tokyo street with lights and signs

Transport yourself to the lights of Tokyo in “Lost in Translation.” (Photo: Matteo Colombo / DigitalVision)

Culture + Style

15 Movies and TV Shows That Inspire Wanderlust

You don’t have to leave the house to experience a romantic European getaway or an epic road trip — travel lies inches away on your big (or little) screen. When vacation eludes you and you’re stuck at home, streaming these movies and TV shows will transport you to another time or place, immersing you in vibrant cultures and distant landscapes.

They might even inspire your next vacation.

Lost in Translation (2003)

An aging actor and a young woman form a bond that finds them exploring Tokyo’s nightlife and culture together. The Sophia Coppola comedy-drama is both whimsical and meditative, touching on themes of isolation and culture shock while highlighting some of the metropolis’ best bars, restaurants, hotels and locations, such as the neon lights of Kabukicho in Shinjuku and Shibuya Crossing.

The Motorcycle Diaries (2004)

A road movie, coming-of-age story and biopic all at once, the Gael García Bernal–led film follows a young Che Guevara in 1952 as he travels across South America and takes in the lush sceneries of Bolivia, Chile, Venezuela and Peru. The experience changes the course of his life forever.

Wild (2014)

To heal from the death of her mother and her broken marriage, Cheryl Strayed (played by Reese Witherspoon) walks alone along a 1,100 mile stretch of the Pacific Crest Trail from the Mojave Desert to the Canadian border.

Based on Strayed’s bestselling 2012 memoir, the movie tells a powerful story of rebuilding one’s self after tragedy, with a beautiful backdrop of mountains and deserts.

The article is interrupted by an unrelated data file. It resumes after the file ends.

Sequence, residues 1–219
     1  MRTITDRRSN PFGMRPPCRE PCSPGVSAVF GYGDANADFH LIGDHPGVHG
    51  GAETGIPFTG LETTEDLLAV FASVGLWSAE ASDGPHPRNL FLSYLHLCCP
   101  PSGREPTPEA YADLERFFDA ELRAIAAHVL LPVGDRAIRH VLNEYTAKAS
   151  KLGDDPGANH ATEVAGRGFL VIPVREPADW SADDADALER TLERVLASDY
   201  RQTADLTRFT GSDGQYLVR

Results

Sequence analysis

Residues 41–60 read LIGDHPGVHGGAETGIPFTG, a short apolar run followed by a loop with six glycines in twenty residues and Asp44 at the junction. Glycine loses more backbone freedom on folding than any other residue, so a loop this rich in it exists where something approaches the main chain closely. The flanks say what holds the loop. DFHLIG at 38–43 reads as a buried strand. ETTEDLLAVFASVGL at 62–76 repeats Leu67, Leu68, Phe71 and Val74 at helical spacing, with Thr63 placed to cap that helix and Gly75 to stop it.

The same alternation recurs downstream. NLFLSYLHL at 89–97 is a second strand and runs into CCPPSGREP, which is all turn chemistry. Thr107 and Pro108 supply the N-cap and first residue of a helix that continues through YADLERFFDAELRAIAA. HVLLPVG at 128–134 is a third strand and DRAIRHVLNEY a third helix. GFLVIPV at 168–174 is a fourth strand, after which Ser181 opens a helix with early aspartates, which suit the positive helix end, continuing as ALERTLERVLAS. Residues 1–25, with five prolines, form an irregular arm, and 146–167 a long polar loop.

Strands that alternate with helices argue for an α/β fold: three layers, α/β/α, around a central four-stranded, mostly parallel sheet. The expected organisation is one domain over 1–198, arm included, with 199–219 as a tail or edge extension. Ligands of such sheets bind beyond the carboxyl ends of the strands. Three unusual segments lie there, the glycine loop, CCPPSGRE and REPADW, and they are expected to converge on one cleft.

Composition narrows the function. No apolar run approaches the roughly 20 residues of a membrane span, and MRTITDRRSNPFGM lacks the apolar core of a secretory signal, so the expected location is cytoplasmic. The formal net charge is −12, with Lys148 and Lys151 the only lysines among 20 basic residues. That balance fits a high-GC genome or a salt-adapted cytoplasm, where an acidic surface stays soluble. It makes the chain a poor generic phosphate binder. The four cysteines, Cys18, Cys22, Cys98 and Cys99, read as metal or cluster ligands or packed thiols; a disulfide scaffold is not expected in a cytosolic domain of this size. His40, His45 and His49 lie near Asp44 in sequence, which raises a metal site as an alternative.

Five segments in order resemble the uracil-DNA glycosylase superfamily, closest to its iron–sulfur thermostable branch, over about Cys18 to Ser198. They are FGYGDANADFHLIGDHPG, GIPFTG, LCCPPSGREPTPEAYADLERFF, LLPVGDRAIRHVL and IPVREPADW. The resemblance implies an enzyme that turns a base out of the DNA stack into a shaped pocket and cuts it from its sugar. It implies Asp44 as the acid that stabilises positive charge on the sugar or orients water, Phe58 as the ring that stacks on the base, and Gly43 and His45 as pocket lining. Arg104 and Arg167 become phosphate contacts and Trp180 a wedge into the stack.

Paris, je t’aime (2006)

paris eiffel tower
You, too, will love Paris. (Photo: Harald Nachtmann / Moment)

If you aren’t already in love with the French capital, “Paris, je t’aime” will leave you enamored. The star-studded anthology features 18 vignettes about relationships, all set in different neighborhoods in Paris. What better way to virtually explore the City of Love?

Monsoon Wedding (2001)

If you’ve ever been curious about extravagant Indian weddings — and the drama behind pulling one off — this is the movie for you. Set in Delhi, Mira Nair’s acclaimed film features captivating cinematography that highlights India’s vibrant culture.

Y Tu Mamá También (2001)

The steamy Alfonso Cuarón film follows a tangled trio of friends on a road trip in search of sand and sex. While their love triangle is the focus of the plot, the real star is the beautiful Mexican landscape.

The Lord of the Rings Trilogy (2001–2003)

tongariro national park new zealand
New Zealand is a must for lovers of adventure travel and the outdoors. (Photo: Boy_Anupong / Moment)

Middle-earth may be fictional, but the majestic mountains and enchanting valleys of New Zealand, where the entire trilogy and “The Hobbit” prequels were filmed, are very real. If you love the series, a journey to Mordor — Tongariro National Park in real life — should already be on your bucket list.